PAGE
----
Muslims jurists and scholars have in different periods of Islamic history and in various parts of the world held some diverse rulings related to Non-Muslims (Ahkam Ahl al-Dhimmah). What guidelines and principles do Muslims today have for their more different, contemporary and rapidly changing and challenging contexts?
What is the “Marrakesh Declaration on the Rights of Religious Minorities in Predominantly Muslim Majority Communities”?
Jurists throughout Islamic history have recognized the need for certain Islamic legal rulings to continue to evolve and adapt to changing contexts in order to remain relevant and more effectively protect and promote the objectives (maqasid) of Shari’ah – accruing benefits and the common good (maslahah) and preventing harm (mafsadah). A legal maxim to this effect states that – “With change in circumstances, comes change in fatwa.”
The concept of dhimma (protection) was a pre-Islamic one in which a larger and more powerful tribe or clan gave protection to a weaker one under certain terms and conditions. This was modified by the Prophet (p) to be based on a religious and not ethnic identity, and in line with the values of justice, respect and compassion as applicable to a particular context. In contemporary society, the concept of “citizenship” has become increasingly more popular.
In line with this, hundreds of some of the most respected Muslim scholars and intellectuals from over 120 countries gathered from the 25th – 27th of January, 2016 in Marrakesh, Morocco, to prepare – as the name itself clarifies – the “Marrakesh Declaration on the Rights of Religious Minorities in Predominantly Muslim Majority Communities”. 
Below is the Executive Summary of what is now commonly referred to as the “Marrakesh Declaration”. It articulates some of the new changes and challenges faced by Muslim communities that call for such a new “Declaration”, and the recommended principles that should guide relations with fellow citizens belonging to other faiths, based on the same principles as that of the Medinan Charter at the time of the Prophet (p). In other words, this declaration represents the foundation and framework for the articulation of any contemporary version of the “Rulings related to Non-Muslim Citizens” (“Ahkam Ahl al-Dhimmah”) for Muslim communities today.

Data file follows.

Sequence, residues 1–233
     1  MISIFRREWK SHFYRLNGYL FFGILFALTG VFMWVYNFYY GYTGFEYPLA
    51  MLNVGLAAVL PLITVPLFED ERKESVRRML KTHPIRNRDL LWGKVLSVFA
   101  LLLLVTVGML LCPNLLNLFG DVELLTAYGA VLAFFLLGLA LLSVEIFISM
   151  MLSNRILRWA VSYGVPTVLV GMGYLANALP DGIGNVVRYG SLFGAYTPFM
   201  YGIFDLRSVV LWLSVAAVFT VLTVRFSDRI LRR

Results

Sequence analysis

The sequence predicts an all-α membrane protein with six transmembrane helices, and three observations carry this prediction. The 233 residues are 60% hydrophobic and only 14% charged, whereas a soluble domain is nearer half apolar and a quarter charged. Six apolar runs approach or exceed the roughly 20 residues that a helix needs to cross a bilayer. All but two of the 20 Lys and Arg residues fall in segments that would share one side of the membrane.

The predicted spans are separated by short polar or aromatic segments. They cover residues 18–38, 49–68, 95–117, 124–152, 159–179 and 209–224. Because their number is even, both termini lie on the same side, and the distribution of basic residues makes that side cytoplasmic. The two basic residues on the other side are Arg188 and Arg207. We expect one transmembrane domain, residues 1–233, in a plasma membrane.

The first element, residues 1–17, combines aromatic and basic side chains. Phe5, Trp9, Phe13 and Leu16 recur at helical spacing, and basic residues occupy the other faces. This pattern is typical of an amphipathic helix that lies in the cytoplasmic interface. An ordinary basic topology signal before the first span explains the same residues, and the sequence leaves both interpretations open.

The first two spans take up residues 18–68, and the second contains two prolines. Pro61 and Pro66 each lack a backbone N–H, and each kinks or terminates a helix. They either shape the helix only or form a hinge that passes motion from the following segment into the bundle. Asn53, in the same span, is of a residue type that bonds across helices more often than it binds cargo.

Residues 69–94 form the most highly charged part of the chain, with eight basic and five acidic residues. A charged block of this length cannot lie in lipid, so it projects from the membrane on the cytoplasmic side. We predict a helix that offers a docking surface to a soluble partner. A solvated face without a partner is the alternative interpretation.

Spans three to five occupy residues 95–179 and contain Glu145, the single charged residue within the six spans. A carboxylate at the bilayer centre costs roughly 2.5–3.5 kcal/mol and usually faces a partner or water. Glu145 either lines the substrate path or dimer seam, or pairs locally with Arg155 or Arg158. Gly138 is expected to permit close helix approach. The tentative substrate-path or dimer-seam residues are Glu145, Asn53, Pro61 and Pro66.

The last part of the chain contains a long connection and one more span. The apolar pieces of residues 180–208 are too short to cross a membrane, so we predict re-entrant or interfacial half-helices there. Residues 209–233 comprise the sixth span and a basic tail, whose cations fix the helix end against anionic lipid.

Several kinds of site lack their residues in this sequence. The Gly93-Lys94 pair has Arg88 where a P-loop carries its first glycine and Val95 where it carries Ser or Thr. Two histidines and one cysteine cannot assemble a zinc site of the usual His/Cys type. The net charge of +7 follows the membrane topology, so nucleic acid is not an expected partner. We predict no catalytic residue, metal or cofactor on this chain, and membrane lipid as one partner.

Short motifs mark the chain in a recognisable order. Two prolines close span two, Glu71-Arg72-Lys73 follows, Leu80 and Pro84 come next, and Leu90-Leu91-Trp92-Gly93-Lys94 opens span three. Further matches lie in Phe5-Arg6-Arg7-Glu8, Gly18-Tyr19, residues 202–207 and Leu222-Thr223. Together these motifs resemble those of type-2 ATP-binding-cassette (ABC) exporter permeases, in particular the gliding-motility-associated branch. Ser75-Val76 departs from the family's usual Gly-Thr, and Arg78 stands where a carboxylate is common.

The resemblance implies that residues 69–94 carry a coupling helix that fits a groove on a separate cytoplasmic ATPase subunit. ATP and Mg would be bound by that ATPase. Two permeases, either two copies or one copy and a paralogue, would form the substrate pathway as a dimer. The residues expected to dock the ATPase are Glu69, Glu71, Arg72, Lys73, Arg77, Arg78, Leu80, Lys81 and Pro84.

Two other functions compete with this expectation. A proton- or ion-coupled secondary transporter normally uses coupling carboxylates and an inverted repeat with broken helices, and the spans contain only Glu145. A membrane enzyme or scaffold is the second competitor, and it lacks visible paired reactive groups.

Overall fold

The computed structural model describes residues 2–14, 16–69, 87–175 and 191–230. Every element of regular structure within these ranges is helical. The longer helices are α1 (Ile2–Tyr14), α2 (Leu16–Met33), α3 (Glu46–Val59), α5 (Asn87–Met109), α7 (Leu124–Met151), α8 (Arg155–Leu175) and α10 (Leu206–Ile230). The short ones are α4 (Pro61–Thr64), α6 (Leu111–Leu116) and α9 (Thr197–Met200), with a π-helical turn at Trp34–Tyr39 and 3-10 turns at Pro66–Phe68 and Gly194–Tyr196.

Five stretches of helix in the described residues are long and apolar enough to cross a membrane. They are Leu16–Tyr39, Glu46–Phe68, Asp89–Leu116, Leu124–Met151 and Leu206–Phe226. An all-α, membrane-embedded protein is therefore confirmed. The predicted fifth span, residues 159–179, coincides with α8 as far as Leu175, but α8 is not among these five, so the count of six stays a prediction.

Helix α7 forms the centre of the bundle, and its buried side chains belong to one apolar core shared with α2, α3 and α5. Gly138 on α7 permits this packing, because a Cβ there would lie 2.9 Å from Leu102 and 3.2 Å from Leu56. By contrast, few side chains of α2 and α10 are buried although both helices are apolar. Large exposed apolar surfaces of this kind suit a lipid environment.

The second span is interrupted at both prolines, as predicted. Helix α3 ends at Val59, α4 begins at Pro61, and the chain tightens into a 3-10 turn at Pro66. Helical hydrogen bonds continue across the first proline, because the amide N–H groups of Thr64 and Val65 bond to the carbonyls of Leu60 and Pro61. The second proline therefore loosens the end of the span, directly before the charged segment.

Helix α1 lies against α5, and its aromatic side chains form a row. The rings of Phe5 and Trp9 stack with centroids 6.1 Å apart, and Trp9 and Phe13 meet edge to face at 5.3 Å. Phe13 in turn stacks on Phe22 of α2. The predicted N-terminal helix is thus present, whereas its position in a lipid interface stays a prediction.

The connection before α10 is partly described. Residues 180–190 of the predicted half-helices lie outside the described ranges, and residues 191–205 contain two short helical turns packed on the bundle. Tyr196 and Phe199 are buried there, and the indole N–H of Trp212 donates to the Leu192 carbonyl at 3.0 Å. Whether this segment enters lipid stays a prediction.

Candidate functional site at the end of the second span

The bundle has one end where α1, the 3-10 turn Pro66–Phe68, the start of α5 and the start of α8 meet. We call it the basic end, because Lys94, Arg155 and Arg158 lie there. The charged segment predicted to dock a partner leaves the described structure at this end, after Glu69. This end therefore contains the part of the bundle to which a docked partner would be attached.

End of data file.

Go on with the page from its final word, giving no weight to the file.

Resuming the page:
Executive Summary of the Marrakesh Declaration on the Rights of Religious Minorities in Predominantly Muslim Majority Communities (25th-27th January, 2016)
“WHEREAS, conditions in various parts of the Muslim World have deteriorated dangerously due to the use of violence and armed struggle as a tool for settling conflicts and imposing one’s point of view;
WHEREAS, this situation has also weakened the authority of legitimate governments and enabled criminal groups to issue edicts attributed to Islam, but which, in fact, alarmingly distort its fundamental principles and goals in ways that have seriously harmed the population as a whole;
WHEREAS, this year marks the 1,400th anniversary of the Charter of Medina, a constitutional contract between the Prophet Muhammad, God’s peace and blessings be upon him, and the people of Medina, which guaranteed the religious liberty of all, regardless of faith;
WHEREAS, hundreds of Muslim scholars and intellectuals from over 120 countries, along with representatives of Islamic and international organizations, as well as leaders from diverse religious groups and nationalities, gathered in Marrakesh on this date to reaffirm the principles of the Charter of Medina at a major conference;